Maryland will not release the newly formulated rates until 2011, but schools are seeing many students who will graduate -- just not in four years.
Diana Anaya, who is on the honor roll at Wheaton High School in Montgomery County, was supposed to have graduated last year. But, she said, she and her younger sister live alone and must work to pay rent, buy food and, when they can, send money to their family in El Salvador. On a typical day, Anaya works cleaning a library until midnight and then is at school before 7:30 a.m.
"My goal was to study here and get a degree from here, so I am working hard," the 19-year-old said. Still, it is difficult sometimes when she notices how different her life is from those of other students. "Sometimes, I wish to be in their place, to not have so much responsibility and to get more time to be successful in school."
At her school, where more than half of the students are Latino, she is far from alone. Principal Kevin Lowndes said he has seen an increase in requests for half-day schedules from students who have to work.
Remy Lopez, 20, is another fifth-year senior at the school who is supporting himself. Most days, he said, he barely has time to change for work after school, let alone study. Still, he added, he knows he has to graduate. He has a 13-year-old sister in Guatemala who is counting on it.
"Right now, I'm her superhero," Lopez said.
Emma Violand-Sanchez, who last week became the first Latina elected to the Arlington School Board, said she knows such stories well. She recently met a 17-year-old who had been living and working in the county since he was 13 but hadn't gone to school. She helped him enroll, she said, only to see him withdraw at 18, then return to take evening classes. "Not only did he have to support himself, he had to support family in Guatemala," Violand-Sanchez said. "But I don't think that's the only reason students aren't graduating."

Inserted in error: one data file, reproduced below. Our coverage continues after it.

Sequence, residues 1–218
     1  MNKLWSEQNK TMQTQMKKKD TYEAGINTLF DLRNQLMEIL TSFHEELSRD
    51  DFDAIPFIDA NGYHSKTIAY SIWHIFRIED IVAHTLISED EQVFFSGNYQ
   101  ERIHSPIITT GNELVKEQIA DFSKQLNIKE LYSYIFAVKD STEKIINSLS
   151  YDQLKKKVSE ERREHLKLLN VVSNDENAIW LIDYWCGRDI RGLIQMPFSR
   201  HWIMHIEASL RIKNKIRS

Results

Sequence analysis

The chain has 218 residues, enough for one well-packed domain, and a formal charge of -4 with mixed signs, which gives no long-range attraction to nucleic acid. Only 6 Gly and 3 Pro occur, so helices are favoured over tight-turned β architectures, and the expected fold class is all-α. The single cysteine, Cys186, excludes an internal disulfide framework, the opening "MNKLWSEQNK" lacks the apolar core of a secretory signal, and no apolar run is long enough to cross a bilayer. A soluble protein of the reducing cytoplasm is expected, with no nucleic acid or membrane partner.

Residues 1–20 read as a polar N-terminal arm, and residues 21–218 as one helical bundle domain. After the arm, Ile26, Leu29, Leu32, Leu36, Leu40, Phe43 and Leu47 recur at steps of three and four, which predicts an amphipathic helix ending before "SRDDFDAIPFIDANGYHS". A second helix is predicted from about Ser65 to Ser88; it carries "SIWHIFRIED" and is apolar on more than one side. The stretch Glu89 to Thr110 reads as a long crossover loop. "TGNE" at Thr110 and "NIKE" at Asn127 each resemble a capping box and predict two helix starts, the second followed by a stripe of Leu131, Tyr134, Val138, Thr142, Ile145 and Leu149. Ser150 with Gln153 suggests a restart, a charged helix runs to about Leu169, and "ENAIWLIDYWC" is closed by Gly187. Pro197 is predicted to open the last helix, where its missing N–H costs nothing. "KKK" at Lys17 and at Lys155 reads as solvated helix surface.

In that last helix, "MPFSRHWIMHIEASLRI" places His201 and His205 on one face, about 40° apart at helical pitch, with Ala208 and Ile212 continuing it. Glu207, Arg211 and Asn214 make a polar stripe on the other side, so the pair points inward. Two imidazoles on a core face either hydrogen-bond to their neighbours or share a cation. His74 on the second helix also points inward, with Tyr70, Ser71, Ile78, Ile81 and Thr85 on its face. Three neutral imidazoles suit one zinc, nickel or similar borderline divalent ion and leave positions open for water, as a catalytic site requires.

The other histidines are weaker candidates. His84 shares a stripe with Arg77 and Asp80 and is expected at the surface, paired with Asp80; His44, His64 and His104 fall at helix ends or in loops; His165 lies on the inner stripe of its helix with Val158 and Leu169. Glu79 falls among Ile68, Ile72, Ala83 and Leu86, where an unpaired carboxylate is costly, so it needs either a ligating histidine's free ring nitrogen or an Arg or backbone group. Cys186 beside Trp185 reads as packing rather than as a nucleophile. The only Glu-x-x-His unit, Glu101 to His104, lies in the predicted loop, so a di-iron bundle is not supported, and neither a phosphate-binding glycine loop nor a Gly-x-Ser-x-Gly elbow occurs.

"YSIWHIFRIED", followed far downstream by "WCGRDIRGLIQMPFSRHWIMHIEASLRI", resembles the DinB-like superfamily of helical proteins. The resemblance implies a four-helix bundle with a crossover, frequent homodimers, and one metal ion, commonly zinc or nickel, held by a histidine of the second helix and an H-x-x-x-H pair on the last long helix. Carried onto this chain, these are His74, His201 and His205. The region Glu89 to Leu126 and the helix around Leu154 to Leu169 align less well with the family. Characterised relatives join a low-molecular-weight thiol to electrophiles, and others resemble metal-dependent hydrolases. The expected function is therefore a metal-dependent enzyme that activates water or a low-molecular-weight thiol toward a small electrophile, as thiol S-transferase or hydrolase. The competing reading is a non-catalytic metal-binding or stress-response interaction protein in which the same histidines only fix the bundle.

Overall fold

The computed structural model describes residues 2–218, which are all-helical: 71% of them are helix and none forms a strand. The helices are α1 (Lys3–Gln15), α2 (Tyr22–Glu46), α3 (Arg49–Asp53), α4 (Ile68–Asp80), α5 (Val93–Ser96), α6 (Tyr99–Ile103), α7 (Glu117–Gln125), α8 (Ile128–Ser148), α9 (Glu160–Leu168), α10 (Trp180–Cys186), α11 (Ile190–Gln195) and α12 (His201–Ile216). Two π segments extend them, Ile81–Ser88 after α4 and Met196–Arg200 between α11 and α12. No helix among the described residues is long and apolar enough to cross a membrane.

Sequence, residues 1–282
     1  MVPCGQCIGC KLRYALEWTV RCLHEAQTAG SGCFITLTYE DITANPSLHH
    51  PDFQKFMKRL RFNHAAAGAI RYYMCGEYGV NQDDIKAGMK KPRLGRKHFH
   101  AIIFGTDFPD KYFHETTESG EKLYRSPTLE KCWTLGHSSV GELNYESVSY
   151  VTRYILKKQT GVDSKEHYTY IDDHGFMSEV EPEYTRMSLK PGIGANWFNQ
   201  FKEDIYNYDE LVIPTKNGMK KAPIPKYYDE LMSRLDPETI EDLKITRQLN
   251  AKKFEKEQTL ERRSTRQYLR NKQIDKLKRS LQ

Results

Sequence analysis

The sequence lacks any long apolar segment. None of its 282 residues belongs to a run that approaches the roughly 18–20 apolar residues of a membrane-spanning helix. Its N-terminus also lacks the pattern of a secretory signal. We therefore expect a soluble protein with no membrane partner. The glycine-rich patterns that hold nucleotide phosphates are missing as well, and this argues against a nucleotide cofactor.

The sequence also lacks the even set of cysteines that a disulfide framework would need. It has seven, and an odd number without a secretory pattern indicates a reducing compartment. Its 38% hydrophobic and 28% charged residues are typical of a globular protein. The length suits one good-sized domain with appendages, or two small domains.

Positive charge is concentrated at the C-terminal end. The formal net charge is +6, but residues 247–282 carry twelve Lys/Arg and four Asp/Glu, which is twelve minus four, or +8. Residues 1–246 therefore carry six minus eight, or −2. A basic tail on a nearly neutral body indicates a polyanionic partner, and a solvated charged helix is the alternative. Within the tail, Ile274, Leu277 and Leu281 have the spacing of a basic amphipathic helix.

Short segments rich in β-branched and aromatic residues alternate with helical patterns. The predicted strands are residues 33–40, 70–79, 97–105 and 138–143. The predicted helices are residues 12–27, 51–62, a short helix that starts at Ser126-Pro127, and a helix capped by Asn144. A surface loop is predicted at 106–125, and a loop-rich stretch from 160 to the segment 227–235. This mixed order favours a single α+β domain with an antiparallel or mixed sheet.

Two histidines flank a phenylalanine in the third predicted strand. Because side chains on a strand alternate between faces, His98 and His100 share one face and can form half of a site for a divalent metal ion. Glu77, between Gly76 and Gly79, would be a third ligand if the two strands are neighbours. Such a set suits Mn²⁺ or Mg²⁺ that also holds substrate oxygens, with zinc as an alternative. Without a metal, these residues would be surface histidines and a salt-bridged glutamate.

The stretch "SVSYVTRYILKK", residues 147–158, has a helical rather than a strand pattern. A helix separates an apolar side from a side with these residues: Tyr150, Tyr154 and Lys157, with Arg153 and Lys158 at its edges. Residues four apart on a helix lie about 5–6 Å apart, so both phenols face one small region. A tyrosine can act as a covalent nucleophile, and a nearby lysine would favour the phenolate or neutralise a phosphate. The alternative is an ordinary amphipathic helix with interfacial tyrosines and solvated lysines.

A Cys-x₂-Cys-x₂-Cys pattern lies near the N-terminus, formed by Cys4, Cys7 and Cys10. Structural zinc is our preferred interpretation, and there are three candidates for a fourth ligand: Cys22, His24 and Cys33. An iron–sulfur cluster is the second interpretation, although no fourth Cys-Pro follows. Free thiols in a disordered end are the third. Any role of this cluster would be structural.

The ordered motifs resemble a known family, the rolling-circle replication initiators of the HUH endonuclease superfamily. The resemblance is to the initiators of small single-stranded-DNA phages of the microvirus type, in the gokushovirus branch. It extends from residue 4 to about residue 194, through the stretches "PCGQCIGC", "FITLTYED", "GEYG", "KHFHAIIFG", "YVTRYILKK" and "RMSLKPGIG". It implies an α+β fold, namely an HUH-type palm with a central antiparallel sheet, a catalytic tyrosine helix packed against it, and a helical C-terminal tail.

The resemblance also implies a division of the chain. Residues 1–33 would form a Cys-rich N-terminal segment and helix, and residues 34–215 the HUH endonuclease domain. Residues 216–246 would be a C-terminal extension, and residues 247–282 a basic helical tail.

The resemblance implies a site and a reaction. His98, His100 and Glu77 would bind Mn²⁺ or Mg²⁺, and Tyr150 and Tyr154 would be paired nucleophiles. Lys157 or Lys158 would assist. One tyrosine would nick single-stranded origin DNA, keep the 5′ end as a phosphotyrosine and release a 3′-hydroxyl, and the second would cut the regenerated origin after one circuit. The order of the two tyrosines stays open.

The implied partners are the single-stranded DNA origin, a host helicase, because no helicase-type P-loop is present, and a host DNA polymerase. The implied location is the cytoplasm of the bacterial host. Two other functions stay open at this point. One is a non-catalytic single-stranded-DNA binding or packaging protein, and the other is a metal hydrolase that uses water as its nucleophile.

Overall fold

Instead, she said, the on-time graduation rates highlight a crisis educators must address.
"We need to have a plan," Violand-Sanchez said. "We need to get involved in this."
At T.C. Williams High School in Alexandria, the on-time graduation rate for Hispanic students was 57 percent, compared with 76 percent for blacks, 87 percent for whites and 91 percent for Asians.
Ingris Moran, 17, a senior at T.C. Williams, is on track to graduate, but she said she knows many Latino students who struggle. Her older sister, she said, dropped out as a junior.
"They feel they are not getting encouraged enough. They feel like nobody has high expectations of them," she said. "Teachers worry if you pass their tests or their final exams, but they don't have conversations with you personally about what you want to do in life."
She and other students have been working with Tenants and Workers United, a grass-roots organization in Alexandria, to create a plan for the school system to increase student success. It calls for academic advisers to work with students and their parents to create individualized courses of study.
Alexandria Superintendent Morton Sherman said he and the School Board already had been moving in that direction.
"These are real kids with distinct needs, so let's create distinct programs," he said.
Next year, Virginia and other states will release a five-year graduation rate, which still will not capture the complete picture but will include students such as Lara. When he did not graduate on time, the 18-year-old enrolled in a dual program at the school that lets him receive credits from Northern Virginia Community College.
"I know I'm doing good," Lara said. "Out of all my friends, I'm the first one to go to college. . . . Some got their GEDs. Some just didn't even bother. There are some that are still in school but they are two or three years behind."
Still, the strain of his carefully balanced days can be seen in a tattooed rosary that wraps around his right wrist.
Asked about it, he looks down at the cross imprinted just above his thumb, and pauses. "I will once in a while pray to God to make everything better," he said, "to make my life a little easier."